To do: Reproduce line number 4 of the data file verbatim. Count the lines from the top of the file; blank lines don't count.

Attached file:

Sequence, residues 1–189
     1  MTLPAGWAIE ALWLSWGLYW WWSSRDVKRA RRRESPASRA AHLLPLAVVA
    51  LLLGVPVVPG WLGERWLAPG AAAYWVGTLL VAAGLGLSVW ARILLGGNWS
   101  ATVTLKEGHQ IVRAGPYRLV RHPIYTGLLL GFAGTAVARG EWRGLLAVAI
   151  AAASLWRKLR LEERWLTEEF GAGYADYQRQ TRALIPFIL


   101  ATVTLKEGHQ IVRAGPYRLV RHPIYTGLLL GFAGTAVARG EWRGLLAVAI